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The International Gemini Observatory consists of twin 8.1-meter diameter optical/infrared telescopes located on two of the best observing sites on the planet. The Gemini South telescope is located on a mountain in the Chilean Andes called Cerro Pachón, where very dry air and negligible cloud cover make this another prime telescope location. Both of the Gemini telescopes have been designed to excel in a wide variety of optical and infrared capabilities. By incorporating technologies such as laser guide star adaptive optics and multi-object spectroscopy, astronomers in the Gemini partnership explore the universe in unprecedented depth and detail. The Gemini Observatory’s international headquarters is located in Hilo, Hawai‘i at the University of Hawaii Hilo's University Park.
Gemini’s twin telescopes are optimized for observing in the mid-infrared with silver-coated mirrors, an extremely light structure for the secondary, and a light baffle (used when observing in the optical) which can be closed for observing in the infrared.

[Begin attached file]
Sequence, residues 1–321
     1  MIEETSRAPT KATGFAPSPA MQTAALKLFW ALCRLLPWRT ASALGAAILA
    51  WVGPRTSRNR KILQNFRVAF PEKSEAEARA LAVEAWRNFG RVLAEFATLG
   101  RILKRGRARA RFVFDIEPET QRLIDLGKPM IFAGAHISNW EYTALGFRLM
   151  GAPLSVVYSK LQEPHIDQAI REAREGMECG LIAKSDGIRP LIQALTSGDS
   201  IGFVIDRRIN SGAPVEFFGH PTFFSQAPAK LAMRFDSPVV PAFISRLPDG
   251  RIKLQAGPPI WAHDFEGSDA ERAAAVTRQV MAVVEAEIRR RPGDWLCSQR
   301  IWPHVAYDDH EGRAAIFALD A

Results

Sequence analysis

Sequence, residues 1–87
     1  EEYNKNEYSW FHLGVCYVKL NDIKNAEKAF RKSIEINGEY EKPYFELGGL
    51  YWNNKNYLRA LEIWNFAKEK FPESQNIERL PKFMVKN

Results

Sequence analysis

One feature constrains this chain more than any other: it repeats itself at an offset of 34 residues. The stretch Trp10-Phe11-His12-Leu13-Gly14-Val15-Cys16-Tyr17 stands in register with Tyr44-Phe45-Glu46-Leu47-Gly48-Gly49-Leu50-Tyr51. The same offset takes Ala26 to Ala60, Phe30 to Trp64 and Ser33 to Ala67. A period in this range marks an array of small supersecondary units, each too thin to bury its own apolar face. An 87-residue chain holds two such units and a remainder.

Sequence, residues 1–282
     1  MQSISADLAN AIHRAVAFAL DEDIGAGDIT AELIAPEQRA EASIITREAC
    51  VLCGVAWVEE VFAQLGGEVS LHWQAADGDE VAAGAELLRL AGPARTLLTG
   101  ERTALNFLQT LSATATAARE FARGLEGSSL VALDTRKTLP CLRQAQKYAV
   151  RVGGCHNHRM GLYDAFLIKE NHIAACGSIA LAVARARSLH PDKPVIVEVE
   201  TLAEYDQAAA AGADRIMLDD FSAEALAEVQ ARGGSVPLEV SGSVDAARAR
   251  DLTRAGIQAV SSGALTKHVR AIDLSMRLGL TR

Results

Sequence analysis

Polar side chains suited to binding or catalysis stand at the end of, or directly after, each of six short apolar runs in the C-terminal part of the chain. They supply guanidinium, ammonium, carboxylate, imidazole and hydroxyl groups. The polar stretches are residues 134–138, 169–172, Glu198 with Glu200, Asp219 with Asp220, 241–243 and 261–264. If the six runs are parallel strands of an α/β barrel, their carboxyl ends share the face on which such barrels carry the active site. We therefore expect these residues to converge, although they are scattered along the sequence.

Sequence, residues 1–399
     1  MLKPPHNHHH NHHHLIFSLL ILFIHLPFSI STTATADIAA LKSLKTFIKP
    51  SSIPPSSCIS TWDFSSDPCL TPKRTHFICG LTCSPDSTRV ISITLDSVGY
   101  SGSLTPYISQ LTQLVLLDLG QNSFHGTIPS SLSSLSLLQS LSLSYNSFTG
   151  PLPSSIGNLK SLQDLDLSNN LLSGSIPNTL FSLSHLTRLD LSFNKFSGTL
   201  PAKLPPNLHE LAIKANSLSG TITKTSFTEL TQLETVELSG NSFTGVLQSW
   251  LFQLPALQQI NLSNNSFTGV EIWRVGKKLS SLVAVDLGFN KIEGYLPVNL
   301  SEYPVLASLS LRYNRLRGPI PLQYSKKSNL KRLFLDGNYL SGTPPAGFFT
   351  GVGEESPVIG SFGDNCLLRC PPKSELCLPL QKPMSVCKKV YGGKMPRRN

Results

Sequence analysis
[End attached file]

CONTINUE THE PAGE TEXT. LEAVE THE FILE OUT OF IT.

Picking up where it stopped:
The Gemini telescopes have a suite of 4 optical and infrared, imagers and spectrographs, mounted on the back of the telescopes at the same time (as well as the acquisition and guidance instruments). This means that switching from one instrument to another takes a matter of minutes to complete before being capable of taking data on the next science target.
Gemini is also unique among other 8-10 meter class observatories in that the telescopes can be operated fully remotely from our base facilities.
For scientists: More details can be found on the science pages.
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